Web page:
In this unit, you'll get over your fear of CSS and begin to understand some of the more fundamental tenets of good site design. This isn't a full course on front end design, but it should give you the tools you need to deeply understand CSS frameworks and to put a good looking facade on your genius back end.
In this section, we'll cover the whole range of HTML5 so you'll be completely comfortable with putting the right elements in the right places on a page.
Let's get acquainted with what this will look like from here on out.
When do you link to the relative URL versus the absolute? How do you set up internal links?
Rich media experiences make your pages come alive but there are some things you'll need to know to avoid slow load times.
To get some practice with everything you've picked up so far, you'll rebuild YouTube's video page.
Displaying and inputting data are two of your chief duties as a web developer. We'll cover the tools at your disposal, including tables and lists for display and forms for input.
Tables aren't used as much as they once were but can still be a great way to display structured content.
Lists are used everywhere and even in some unexpected places like navigation bars.
Forms allow the user to submit data to your application and represent one of the trickiest parts of setting up your HTML structure.
Here we'll cover each of the foundational CSS concepts in greater depth than you probably have before.
Even though you're already comfortable with CSS, it's worth revisiting the basics.
Even experienced developers often have trouble with the details of the box model, which governs how elements are displayed on the page.
Positioning elements on the page can give you fits, so learning how elements play together is well worth your time.
Long content pieces of yesteryear are being replaced with rich multimedia experiences and the Times has led the charge. See if you can apply what you learned about positioning by cloning one of their articles.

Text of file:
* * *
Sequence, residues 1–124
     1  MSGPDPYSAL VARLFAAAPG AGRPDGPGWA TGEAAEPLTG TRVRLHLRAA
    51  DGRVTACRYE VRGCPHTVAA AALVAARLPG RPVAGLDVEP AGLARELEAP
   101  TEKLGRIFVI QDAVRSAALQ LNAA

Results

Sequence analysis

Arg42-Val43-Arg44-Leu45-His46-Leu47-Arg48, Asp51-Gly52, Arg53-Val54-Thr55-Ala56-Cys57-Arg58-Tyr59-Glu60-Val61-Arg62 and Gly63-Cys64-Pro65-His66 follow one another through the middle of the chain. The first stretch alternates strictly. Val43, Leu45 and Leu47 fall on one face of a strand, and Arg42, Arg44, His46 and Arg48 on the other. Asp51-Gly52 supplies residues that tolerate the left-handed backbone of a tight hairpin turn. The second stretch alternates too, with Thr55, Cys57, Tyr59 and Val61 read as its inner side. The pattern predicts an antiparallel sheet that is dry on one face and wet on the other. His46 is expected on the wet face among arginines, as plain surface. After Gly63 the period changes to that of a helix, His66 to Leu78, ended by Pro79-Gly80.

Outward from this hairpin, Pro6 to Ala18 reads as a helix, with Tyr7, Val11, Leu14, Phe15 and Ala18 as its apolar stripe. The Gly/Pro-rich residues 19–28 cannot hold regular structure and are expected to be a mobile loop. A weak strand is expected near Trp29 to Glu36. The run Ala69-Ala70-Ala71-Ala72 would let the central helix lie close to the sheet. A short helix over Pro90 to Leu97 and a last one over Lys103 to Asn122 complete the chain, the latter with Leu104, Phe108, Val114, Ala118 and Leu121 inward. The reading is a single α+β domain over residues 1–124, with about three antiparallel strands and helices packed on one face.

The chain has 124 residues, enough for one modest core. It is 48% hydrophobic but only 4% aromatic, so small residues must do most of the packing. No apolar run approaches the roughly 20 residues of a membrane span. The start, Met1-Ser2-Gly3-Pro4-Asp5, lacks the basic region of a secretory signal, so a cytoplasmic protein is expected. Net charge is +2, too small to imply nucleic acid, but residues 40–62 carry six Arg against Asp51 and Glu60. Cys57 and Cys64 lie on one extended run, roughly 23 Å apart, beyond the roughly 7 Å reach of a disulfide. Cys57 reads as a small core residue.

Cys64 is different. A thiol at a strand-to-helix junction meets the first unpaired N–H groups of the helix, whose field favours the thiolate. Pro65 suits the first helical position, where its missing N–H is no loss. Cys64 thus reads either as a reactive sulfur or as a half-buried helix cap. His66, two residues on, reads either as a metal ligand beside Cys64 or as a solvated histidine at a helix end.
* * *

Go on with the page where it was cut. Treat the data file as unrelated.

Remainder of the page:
It's one thing to have the toolbox and a whole other to understand the best way to use it. We'll explore some of these best practices in this section.
Here you'll learn about placing and positioning background images and working with gradients.
If you want to make your websites stop looking like they came from the 1990's, you'll need to gain an understanding for at least the best practices of design and User Experience (UX). Not knowing this stuff is like charging over the next hill without any idea of why you're doing it.
A grounding in some fundamental design definitions and tenets will go a long way.
Understanding fonts and typography is far from a design geek's domain -- they greatly affect the ease of use for your pages.
Content isn't just thrown onto the page without a care -- grid systems apply logic and order to the way information is displayed.
These days you need to make sure your pages display easily on multiple viewport sizes by using fluid layouts and media queries. Luckily there are CSS frameworks like Twitter Bootstrap that can save you a ton of time developing standard pages and which come with responsive functionality for free.
Your websites will need to degrade gracefully as your users move from a full browser to an iPad to a mobile phone, and here you'll learn how.
It's time to put your newfound responsive superpowers to use by building The Next Web's responsive homepage.
Now that you've mastered the fundamentals of HTML and CSS, it's time to make your workflow a whole lot easier with CSS frameworks.
We'll take you beyond the basics of CSS and into a variety of additional topics from how to add some stylistic flair to your elements to using tools like preprocessors to save time and reduce repetition in your code.
Dive into some of the more interesting stylistic tools at your disposal like transitions and animations that use only CSS3.
Learn about preprocessors like SASS which can make your CSS act more like real code... which is a good thing because it'll save you time and gray hairs.
This final project will require you to apply almost everything you've learned up until now since you'll be building your own version of a grid-based CSS framework. Luckily you can use it on your projects from here on out!